If you’re not yet focusing on the customer experience with your organization, it’s time to get started! Not just started… but it’s time to kick it into high gear! Customer expectations are higher than ever and evolving. You’ve got to get ahead of that!
There are often challenges to getting a customer experience program off the ground in any organization, so let’s overcome those and get moving.
But first, what is a customer experience program?
I always say that no one comes to work wanting to do a crappy job. We all want to bring our best selves to work and give our best. But in order to do that, in order to unleash our potential and do great work, we’ve got to experience that confluence of circumstances that lead to engagement.
One of the critical components of a great employee experience is leadership – specially, leadership who cares about employees. If leaders don’t care about employees, then why should employees care about the business? Imagine the employee experience if that was the case, if leaders cared about employees, their families, and their well-being! And measured success by how they touched their employees’ lives! A little humanity and humaneness would go a long way.
If you’re truly looking for feedback, if you really want to hear what your customers think, you’re sending the wrong message if you aren’t making it easy for them to offer their feedback.
How do you ensure that your customer service team understands their role and leads the charge when it comes to driving customer satisfaction and loyalty? The answer: Help them adopt a customer service mindset. What does that mean? What is required to develop that mindset? And how do you nurture and grow it?
Have you heard the saying, “A fish rots from the head down?” It means that the problem starts at the top, with your leadership team. Guess what? Your culture rots from the head down, too. It means that the problems, failures, issues, toxicity, etc. in your organization – or any organization – start with the leadership team.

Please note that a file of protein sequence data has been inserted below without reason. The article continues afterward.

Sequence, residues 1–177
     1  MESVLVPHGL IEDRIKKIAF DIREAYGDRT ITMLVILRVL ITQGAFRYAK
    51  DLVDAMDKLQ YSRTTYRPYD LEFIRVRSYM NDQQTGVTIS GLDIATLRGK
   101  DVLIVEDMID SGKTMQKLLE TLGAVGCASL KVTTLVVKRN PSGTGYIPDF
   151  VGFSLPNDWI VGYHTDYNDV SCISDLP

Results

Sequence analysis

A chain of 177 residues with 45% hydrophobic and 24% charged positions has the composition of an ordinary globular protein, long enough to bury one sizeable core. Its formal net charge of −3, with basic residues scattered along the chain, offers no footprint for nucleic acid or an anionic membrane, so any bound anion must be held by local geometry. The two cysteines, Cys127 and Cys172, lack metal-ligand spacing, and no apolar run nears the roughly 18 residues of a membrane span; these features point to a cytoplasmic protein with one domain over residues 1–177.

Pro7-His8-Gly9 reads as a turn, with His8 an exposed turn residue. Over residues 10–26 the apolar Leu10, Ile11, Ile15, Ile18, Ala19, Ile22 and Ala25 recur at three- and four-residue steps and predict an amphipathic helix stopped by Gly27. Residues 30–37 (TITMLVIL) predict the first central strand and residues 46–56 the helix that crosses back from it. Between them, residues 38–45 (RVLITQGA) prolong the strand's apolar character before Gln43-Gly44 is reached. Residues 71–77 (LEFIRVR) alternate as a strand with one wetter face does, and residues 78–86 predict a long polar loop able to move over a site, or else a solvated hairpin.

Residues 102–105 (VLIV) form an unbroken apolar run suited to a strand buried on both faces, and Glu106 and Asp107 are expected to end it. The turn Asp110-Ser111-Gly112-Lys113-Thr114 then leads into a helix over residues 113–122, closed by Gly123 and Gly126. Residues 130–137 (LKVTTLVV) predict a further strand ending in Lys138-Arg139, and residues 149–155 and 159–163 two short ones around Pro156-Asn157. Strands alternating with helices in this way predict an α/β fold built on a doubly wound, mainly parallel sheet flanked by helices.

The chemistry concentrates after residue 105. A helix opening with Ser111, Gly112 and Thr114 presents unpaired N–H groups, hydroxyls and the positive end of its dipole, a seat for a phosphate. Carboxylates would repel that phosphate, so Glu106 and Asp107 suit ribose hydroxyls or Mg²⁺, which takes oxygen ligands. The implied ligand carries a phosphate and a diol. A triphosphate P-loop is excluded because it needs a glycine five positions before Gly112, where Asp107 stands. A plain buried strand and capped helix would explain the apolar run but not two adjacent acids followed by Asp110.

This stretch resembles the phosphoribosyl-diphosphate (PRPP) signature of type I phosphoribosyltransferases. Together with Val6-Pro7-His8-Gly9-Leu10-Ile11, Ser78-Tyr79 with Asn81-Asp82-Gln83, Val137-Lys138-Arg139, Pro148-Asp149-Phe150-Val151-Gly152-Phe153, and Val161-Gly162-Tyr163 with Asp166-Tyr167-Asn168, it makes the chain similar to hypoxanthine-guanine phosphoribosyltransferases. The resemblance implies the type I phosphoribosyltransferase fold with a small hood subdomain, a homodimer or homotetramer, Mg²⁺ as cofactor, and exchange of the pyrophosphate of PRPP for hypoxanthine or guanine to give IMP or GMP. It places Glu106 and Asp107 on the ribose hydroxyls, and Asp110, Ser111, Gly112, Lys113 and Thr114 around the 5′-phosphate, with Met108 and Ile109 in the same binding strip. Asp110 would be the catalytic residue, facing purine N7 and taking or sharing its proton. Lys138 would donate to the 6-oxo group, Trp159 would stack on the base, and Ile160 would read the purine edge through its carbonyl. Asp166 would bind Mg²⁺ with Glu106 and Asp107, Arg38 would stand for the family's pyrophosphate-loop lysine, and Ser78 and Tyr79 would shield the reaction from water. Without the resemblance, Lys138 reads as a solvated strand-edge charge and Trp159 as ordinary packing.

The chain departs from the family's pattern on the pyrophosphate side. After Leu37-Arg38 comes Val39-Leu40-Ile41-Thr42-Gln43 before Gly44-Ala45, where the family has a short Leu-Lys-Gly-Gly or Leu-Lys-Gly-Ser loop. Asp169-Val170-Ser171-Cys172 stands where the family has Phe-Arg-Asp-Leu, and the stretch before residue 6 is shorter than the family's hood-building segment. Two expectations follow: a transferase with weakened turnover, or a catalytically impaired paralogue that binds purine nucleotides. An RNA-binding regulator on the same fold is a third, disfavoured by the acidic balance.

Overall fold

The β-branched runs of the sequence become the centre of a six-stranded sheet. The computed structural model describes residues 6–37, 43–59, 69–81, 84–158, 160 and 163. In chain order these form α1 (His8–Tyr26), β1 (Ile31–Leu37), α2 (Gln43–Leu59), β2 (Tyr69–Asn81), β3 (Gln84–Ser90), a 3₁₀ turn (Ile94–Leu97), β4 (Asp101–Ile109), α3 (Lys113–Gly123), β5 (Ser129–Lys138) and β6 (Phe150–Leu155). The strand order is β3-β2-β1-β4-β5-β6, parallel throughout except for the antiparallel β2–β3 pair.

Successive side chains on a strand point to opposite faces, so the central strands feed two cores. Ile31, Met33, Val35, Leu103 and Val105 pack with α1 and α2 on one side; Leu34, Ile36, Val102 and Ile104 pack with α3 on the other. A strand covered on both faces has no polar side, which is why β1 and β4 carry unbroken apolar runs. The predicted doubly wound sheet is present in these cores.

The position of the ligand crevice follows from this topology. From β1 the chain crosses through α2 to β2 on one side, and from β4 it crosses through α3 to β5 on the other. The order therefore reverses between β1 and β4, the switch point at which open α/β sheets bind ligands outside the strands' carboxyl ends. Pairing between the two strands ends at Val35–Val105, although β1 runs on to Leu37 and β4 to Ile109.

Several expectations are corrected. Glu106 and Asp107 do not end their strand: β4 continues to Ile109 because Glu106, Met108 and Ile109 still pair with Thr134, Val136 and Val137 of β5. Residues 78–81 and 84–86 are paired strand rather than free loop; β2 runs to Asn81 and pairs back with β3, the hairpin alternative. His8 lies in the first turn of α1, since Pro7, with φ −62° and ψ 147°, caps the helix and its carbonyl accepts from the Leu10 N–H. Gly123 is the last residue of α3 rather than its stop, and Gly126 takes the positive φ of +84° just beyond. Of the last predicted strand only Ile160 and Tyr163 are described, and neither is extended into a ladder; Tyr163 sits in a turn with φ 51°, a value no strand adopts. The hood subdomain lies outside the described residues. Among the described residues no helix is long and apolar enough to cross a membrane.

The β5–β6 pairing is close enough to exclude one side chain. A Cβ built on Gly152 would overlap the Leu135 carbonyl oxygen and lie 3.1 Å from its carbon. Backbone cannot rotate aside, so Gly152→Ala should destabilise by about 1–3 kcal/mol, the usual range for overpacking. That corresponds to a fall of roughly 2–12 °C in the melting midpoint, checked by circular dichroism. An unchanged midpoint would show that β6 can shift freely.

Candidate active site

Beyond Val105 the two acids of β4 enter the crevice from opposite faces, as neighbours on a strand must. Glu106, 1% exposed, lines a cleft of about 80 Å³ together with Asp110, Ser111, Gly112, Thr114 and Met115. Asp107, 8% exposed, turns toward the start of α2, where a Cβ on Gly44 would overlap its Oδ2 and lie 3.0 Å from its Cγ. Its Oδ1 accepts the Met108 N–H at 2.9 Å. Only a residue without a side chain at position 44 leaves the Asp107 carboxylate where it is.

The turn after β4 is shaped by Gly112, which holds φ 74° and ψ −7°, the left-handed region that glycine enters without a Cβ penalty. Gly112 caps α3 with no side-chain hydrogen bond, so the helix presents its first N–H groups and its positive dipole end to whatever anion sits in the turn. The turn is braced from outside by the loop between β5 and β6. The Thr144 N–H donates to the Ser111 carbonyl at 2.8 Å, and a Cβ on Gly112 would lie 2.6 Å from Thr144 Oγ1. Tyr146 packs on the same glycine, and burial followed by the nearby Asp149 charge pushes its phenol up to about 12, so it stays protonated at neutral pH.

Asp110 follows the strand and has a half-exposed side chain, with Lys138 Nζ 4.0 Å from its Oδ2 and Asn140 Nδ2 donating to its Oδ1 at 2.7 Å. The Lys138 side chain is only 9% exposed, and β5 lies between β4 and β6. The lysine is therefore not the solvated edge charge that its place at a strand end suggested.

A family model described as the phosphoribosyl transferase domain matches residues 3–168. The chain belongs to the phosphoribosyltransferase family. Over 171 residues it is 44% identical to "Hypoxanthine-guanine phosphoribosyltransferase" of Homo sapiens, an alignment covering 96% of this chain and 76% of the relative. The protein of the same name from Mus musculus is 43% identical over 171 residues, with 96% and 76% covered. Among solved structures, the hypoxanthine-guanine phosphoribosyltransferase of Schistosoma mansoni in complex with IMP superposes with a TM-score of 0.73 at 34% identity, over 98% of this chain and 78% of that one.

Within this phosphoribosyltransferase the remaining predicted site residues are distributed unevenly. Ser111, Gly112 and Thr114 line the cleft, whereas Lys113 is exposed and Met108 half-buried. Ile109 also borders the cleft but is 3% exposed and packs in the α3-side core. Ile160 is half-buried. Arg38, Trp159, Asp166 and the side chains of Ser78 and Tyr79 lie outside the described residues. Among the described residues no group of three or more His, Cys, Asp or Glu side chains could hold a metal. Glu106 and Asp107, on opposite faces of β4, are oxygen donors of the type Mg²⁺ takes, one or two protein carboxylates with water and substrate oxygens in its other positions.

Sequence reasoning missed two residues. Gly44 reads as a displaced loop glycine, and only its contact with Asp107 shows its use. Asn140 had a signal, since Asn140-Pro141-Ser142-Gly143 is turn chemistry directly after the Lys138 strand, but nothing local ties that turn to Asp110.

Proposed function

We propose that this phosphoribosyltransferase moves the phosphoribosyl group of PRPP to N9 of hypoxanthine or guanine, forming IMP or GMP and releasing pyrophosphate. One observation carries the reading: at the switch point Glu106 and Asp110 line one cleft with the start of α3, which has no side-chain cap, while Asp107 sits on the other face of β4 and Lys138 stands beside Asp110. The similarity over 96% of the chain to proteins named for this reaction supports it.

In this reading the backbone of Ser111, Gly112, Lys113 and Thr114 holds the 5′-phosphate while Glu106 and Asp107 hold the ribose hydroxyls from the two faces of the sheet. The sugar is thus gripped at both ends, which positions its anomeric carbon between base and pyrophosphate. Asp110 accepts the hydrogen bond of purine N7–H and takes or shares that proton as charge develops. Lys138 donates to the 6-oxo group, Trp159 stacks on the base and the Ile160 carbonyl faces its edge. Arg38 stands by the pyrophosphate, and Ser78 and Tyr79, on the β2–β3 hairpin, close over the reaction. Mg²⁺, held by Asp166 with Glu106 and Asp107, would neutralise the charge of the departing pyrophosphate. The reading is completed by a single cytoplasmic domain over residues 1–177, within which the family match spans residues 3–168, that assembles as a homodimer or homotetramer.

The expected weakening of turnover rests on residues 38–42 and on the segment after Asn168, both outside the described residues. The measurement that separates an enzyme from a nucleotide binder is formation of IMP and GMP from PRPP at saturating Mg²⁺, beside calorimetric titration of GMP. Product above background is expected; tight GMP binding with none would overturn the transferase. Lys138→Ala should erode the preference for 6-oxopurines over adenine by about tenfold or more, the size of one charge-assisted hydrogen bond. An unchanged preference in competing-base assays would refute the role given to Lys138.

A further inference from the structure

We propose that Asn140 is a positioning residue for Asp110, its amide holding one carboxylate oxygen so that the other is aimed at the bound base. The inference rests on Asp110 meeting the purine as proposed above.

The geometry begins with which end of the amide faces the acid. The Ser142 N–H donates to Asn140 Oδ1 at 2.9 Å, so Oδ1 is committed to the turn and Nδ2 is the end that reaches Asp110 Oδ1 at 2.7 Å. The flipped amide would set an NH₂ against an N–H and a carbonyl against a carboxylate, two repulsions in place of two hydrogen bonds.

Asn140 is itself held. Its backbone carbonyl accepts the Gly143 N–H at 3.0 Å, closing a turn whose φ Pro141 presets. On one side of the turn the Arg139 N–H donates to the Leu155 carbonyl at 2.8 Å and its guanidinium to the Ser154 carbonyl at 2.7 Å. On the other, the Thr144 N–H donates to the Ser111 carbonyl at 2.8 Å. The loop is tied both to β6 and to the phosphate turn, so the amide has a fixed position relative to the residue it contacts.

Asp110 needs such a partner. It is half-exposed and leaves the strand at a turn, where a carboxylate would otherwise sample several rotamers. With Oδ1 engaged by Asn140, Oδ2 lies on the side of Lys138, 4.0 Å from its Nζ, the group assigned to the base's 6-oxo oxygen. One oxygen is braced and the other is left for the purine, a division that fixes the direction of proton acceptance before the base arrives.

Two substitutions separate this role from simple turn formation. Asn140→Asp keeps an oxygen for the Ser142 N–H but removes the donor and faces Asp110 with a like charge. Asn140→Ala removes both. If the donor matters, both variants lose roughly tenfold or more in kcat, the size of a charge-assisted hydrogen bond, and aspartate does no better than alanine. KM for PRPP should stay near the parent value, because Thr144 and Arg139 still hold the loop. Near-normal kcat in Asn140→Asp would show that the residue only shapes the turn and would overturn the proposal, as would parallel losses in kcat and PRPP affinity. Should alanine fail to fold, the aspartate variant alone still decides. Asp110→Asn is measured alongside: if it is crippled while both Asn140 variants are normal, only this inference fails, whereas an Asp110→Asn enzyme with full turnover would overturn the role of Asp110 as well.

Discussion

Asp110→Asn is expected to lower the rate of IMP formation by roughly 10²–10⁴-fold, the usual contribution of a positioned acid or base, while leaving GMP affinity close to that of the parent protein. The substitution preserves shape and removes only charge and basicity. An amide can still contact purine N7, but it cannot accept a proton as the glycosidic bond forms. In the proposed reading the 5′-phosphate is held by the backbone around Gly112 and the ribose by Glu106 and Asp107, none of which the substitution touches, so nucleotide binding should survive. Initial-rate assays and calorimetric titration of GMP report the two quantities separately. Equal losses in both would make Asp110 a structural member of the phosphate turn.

One area to consider – and there are many – as we navigate through this next normal is how to ensure that our employees stay motivated and excited about the work they are doing. Let’s focus on recognition that celebrates the employee for a job well done, that highlights the value of the employee’s contributions, and that reinforces the behaviors you want to see more of in your organization. But is that really a motivator?
As I was writing my latest book, Built to Win, I wanted to be sure to incorporate the notion that it’s important to design a customer-centric culture because there are clear outcomes to doing so. Culture (and certainly not one that puts the customer at the center of the business) isn’t just fluff. It’s tangible. It’s measurable. It’s critical. It’s the foundation of the business and of business success.
You can never go wrong by informing your product development and your customer experience strategy with ongoing customer feedback – or by putting the customer at the center of all of your product or business decisions. The Honda Shogo is a great example of how to hit a home run by co-creating a product with your customers.
Let’s consider this when it comes to the Great Resignation: People don’t leave managers; they leave the culture of the organization. I believe that’s a more-accurate statement, especially when we know that culture is the foundation of the organization and that the culture is shaped by the worst behavior a leader is willing to tolerate or allow.